The bag 34, thread 36 and tube 12 are progressively inserted in the patients nasal cavity in the FIGURE 1 condition thereof and allowed to progress under the weight of the bag 34 through the esophagus, stomach and intestine. It should be apparent that because of the freedom of motion allowed the weighted bag 34 because of its extremely flexible connection to the tube 12, the bag r descends in the gastro-intestinal tract under the influence of its fluidity, weight and the peristaltic action of the stomach and intestines, pulling the tube 12 after it more efliciently and with less chance of malfunctioning than is the case with prior art weighted tubes particularly in passing through the stomach lower end ring muscle and progressing along the small intestine.

When the tube 12 lower end has reached the desired position thereof within the gastro-intestinal tract, the weighted bag 34 is released from the tube 12 by deflating the balloon 24. This is accomplished by disconnecting pressurization from the Y connector 26 leg 28. Upon collapse of the balloon 24, the block 38 slips downwardly in the large lumen, past the deflated balloon and out of the lower end of the tube 12 (FIGURE 4). After this separation, the bag 34, thread 36 and block continue through the intestinal tract and will be eliminated from the body in the usual manner.

If after placement of the tube has been effected and the weighted bag, thread and block released, it is desired to discontinue suction or medication or nutrition application through the large lumen lower end, but continue such operations through the large lumen openings which are upstream from the large lumen lower end, this can be easily accomplished by reinfiation of the balloon 24 to completely block the lower end of the large lumen.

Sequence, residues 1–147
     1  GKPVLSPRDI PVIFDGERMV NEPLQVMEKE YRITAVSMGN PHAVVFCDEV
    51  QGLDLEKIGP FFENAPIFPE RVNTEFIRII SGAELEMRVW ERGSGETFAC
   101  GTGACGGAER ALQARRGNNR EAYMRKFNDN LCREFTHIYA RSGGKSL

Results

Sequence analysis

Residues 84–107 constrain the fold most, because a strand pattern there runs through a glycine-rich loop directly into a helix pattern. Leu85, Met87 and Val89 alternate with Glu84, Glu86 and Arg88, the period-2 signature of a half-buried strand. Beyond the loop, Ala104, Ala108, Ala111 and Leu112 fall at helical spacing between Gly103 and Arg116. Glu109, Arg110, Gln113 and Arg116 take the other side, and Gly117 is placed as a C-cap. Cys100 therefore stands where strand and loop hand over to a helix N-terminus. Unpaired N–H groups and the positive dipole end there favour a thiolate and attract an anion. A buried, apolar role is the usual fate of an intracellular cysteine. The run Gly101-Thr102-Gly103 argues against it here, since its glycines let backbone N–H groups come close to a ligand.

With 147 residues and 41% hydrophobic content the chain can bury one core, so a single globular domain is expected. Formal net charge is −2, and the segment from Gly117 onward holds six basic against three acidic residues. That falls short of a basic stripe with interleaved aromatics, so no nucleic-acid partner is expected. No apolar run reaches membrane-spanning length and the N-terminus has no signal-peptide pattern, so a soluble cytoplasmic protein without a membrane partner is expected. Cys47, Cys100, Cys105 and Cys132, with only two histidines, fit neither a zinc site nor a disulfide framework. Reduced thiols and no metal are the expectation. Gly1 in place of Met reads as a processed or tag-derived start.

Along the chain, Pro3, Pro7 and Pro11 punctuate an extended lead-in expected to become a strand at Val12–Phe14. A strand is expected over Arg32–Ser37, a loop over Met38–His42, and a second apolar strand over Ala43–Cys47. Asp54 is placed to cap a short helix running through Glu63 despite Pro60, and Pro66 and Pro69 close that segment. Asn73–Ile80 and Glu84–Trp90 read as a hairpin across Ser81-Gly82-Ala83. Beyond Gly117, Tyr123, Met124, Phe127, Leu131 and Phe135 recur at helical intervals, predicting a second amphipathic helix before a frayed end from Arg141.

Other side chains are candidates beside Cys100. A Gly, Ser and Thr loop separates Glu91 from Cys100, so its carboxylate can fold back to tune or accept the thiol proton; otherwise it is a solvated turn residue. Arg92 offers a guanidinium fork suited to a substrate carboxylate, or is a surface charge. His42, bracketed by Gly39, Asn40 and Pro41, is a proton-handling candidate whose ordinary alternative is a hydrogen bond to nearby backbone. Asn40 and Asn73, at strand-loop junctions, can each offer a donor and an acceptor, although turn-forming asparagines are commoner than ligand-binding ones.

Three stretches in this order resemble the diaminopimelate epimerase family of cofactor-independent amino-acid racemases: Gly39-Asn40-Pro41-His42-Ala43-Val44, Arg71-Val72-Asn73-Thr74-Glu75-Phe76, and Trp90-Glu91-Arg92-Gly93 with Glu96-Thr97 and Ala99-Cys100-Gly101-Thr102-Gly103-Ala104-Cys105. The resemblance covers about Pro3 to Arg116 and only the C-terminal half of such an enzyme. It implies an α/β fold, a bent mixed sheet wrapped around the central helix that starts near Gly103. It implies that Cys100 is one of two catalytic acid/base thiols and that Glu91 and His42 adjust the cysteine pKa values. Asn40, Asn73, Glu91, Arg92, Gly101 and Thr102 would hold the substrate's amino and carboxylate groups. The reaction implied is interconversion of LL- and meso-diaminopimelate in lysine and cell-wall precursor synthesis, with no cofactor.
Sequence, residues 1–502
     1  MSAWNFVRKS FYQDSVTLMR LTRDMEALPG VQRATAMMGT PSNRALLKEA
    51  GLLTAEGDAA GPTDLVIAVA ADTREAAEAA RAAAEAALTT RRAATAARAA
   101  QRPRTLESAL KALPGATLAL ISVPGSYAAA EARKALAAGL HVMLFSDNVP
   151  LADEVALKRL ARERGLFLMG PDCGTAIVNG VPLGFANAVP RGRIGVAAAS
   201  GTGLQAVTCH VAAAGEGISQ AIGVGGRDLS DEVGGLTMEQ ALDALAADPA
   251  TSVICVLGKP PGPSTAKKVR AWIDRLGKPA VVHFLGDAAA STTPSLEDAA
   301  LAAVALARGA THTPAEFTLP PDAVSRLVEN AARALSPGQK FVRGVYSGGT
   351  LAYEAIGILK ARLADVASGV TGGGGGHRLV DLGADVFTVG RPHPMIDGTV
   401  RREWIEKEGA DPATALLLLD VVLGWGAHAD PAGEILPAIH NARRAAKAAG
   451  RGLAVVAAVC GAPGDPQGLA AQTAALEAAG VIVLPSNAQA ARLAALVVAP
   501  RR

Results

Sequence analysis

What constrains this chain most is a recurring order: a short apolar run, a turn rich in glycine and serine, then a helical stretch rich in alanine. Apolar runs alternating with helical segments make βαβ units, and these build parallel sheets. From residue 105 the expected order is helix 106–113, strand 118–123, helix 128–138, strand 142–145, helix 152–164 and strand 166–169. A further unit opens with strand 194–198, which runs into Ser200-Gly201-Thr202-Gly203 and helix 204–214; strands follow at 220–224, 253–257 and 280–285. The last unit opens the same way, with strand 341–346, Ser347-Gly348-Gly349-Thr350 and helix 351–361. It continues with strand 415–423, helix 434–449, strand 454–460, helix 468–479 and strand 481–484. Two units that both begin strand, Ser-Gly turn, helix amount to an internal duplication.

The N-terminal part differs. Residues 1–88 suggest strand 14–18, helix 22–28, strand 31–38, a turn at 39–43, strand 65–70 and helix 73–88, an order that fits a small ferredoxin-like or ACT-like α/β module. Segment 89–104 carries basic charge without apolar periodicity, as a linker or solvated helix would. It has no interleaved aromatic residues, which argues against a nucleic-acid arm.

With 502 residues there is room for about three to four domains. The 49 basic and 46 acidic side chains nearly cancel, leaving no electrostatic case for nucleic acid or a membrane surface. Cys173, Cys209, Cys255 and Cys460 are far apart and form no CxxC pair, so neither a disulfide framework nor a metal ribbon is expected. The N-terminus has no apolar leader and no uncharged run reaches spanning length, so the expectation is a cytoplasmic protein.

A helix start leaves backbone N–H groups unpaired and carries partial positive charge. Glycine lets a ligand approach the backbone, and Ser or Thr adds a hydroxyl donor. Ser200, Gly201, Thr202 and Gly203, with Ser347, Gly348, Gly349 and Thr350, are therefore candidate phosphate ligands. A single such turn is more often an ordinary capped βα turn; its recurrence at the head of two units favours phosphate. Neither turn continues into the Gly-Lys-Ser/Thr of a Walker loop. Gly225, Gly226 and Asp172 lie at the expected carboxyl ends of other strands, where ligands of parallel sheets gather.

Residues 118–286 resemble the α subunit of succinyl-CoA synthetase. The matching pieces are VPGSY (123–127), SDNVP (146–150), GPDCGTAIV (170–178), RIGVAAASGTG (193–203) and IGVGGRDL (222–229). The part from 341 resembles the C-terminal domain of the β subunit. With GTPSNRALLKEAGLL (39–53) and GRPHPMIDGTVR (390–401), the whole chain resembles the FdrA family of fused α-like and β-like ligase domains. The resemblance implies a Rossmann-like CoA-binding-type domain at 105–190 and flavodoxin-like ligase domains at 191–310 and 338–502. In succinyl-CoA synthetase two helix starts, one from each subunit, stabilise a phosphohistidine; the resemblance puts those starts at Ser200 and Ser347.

When use of the tube 12 is completed, it may easily be withdrawn from its point of entry since it no longer has the weight attached thereto. It is contemplated that in some instances, especially where the tube is intended to descend no further than into the stomach or a short distance into the small intestine, it may be possible to withdraw the tube after use without releasing the bag, thread and block.

A modification of the apparatus is shown in FIGURE 5. The apparatus of FIGURE 5 is similar in all respects to and similarly numbered as that shown in FIGURES 14 but for the inclusion of an electro-magnet 40 in the smaller lumen at the lower end therof in addition to or in place of the balloon 24. Wires 42 from the electromagnet proceed upwardly in the small lumen and project from the upper end of the tube 12, being connected to a source of electric potential such as a battery 44. Preferably, switch means 46 are provided in the circuit just described. In the embodiment of FIGURE 5, the block 38 is composed of ferro-magnetic material being removably retained in the large lumen of the tube adjacent the electro-magnet by magnetic force when the current is flowing through the magnet, i.e. when the switch 46 is closed. The tube of FIGURE 5 is inserted in the patients nasal cavity or mouth in a substantially identical manner to that described in regard to the tube shown in FIGURES 14. Release of the bag 34 when the lower end of the tube 12 has reached its desired position in the gastro-intstinal tract is accomplished by opening the switch 46, whereupon the ferro-magnetic block 38 slips out of the lower end of the large lumen. The ferromagnetic block 38, suture thread 36 and weighted bag 34 are eliminated as usual, and the tube 12 withdrawn through the patients nose or mouth when the mission it was inserted to facilitate has been completed.